Can Dogs Eat Squids? Are They Safe for Dogs?

Introduction

Squids are packed with protein, and if you’re a pet parent, you might have asked yourself this question: can dogs eat squids? Yes, they can. However, dogs should not eat squids that are fried, especially those that have been dipped in batter.

Read on to find out what benefits this food might offer to your pet, whether there are any risks involved in feeding squids to dogs, and to check out some serving ideas, too.

Benefits for dogs

Minerals

Squids contain heaps of zinc, copper, and selenium, which are all important minerals that make sure that your dog’s internal organs are up to par and functioning as they are supposed to.

Protein-rich

Something you might not know about squids is that they are actually very rich in protein. 45% of 100 grams of squids are made out of protein, so they make great treats for all dogs.

raw squids

Low calories

Obesity is a condition that affects thousands of dogs across the world, whether they are neutered and spayed or not. If you’d like to prevent your pet from gaining weight, you might want to add squids to their diet.

Vitamin-rich

This type of food contains a variety of vitamins, but the ones that truly stand out are vitamin C and vitamin B6.

Vitamin C is massively involved in making sure that your dog withstands an infection in case they catch one, so it ensures that their immune system works properly.

Vitamin B6, on the other hand, is excellent for the nervous system, and it’s also said to reduce the risk of heart disease, especially in geriatric dogs.

How much to feed

Since squid is a food that contains heaps of nutrients, including antioxidants, you might be tempted to feed a lot of it to your dog. Before adding any new food to your pet’s diet, make sure to talk to your veterinarian about it.

The following table shows you some serving quantities depending on your specific dog’s size and weight.

Potential risks

Heavy metals

Squids come from the ocean, and heavy metal contamination nowadays affects all types of ocean life, whether fish or seafood. For this reason, only small amounts of squid are safe.

Food allergies

Although cases of squid allergies in dogs are extremely rare, you really can’t know whether your pet might be allergic until you feed them some.

As we have mentioned before, you can test your dog’s reaction by giving them a very small amount of squid and assessing their symptoms over a period of 24 hours.

If there is no skin itchiness, redness, or worse, breathing difficulties, it’s safe to assume that your dog is not allergic to this food.

Preparing the food

While your dog is allowed to eat raw squid, it is always better to cook this type of seafood just to make sure that there is no bacterial contamination whatsoever.

If you do know the supplier, you can give your dog uncooked fish or squid. But if you get them from the store, whether frozen or fresh, it might be a better idea to boil the squid or steam it.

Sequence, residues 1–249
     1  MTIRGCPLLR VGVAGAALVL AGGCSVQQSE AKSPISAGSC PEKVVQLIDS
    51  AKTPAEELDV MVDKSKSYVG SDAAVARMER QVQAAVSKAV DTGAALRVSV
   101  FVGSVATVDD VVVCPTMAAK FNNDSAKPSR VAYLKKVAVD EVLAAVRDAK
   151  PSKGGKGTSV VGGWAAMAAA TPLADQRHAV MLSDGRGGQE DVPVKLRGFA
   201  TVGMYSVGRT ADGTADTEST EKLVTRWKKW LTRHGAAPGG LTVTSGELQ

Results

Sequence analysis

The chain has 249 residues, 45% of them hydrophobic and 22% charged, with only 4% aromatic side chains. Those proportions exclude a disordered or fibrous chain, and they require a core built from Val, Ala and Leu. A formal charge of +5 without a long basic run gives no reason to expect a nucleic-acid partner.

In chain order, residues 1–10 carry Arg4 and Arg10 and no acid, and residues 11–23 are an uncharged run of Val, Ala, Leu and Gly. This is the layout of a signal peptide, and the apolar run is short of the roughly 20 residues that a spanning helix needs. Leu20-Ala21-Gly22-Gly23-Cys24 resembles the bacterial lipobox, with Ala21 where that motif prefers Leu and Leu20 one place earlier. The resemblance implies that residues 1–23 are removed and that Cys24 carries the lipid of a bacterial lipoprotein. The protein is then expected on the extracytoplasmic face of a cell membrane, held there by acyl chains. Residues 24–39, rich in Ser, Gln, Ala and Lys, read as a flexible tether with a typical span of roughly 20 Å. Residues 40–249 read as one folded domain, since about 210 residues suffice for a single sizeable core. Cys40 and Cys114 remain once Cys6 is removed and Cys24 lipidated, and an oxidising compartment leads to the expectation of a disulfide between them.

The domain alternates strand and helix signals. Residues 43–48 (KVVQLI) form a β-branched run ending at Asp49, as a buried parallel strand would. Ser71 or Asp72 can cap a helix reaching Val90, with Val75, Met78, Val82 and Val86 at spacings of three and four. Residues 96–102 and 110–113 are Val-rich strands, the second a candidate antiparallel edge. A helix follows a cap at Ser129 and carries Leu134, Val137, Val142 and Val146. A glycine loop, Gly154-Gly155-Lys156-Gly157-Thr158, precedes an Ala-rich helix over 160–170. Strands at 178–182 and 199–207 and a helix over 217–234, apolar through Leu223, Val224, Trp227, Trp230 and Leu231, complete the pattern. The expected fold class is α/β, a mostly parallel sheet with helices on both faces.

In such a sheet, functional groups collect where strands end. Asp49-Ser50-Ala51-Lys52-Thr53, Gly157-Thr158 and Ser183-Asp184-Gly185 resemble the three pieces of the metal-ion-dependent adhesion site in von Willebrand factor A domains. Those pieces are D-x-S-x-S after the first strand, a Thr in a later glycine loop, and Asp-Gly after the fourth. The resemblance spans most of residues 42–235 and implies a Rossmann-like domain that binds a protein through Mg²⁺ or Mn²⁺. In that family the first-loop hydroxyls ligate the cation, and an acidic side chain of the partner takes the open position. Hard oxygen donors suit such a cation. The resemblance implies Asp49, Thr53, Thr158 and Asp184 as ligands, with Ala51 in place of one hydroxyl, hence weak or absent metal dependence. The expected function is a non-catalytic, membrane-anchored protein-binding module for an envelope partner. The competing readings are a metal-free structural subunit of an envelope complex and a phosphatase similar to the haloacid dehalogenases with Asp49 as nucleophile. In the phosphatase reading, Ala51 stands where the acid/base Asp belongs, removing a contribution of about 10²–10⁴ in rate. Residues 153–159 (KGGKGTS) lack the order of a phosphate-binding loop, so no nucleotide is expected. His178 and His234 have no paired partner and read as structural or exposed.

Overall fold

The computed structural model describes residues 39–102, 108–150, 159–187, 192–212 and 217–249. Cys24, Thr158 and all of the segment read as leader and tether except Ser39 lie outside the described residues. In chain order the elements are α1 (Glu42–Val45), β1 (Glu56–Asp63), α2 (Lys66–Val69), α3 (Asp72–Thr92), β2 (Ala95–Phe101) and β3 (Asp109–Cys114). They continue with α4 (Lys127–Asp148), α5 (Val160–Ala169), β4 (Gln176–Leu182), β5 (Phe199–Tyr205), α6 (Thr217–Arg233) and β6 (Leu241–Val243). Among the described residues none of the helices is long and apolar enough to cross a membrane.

Needless to say, you should always thoroughly clean the seafood before feeding it.

funny dog

Serving ideas

There are three main ways in which you can feed squid to your dog. The raw variant we’ve already discussed, but you can also bake it or turn it into a squid paste to feed as a treat on occasion.

There’s also the option of you getting dried squid, and these days there are many commercial varieties available. The problem with these is that they might contain sodium as they are primarily intended for human consumption.

Sodium is bad for dogs, so make sure you check the label before buying this type of product.

The only cooked type that we advise against is fried squid. As delicious and nutritious it might be for people, it can put your dog’s health in danger and cause unnecessary digestive distress from all the oil.

Never season the squid before feeding it to your dog. Do not add butter, spices, salt, or any condiments, and don’t cook it in garlic or onion just to be on the safe side of things.

Conclusion

If you feed squid to your dog only in moderation, your pet will get all the right benefits from this food. After all, it’s rich in a wide range of minerals and vitamins, and it also contains antioxidants, which can prevent aging and some potentially life-threatening conditions such as cancer.

Commercial dog food varieties and treats already have the right types of protein, fat, and other nutrients that your pet needs. But squid can be a good and tasty occasional treat, especially if you tend to eat it on a regular basis, too.

As a final note, make sure you consult your veterinarian before starting to feed squid to your pet. Your vet is the person who knows your dog’s specific health status best, so they will tell you if this food is safe for your particular pet’s situation.

Leave a Comment

2 comments
Cristina Vulpe

Cristina Vulpe

As a veterinarian and a cat guardian, Cristina Vulpe holds a Ph.D. in veterinary oncology. She loves writing about feline pathology, parasitology, and infectious diseases, but she also cares deeply about animal nutrition and welfare. When she isn't writing, you can always find her in the company of her cat and a good book.
Iasi, Romania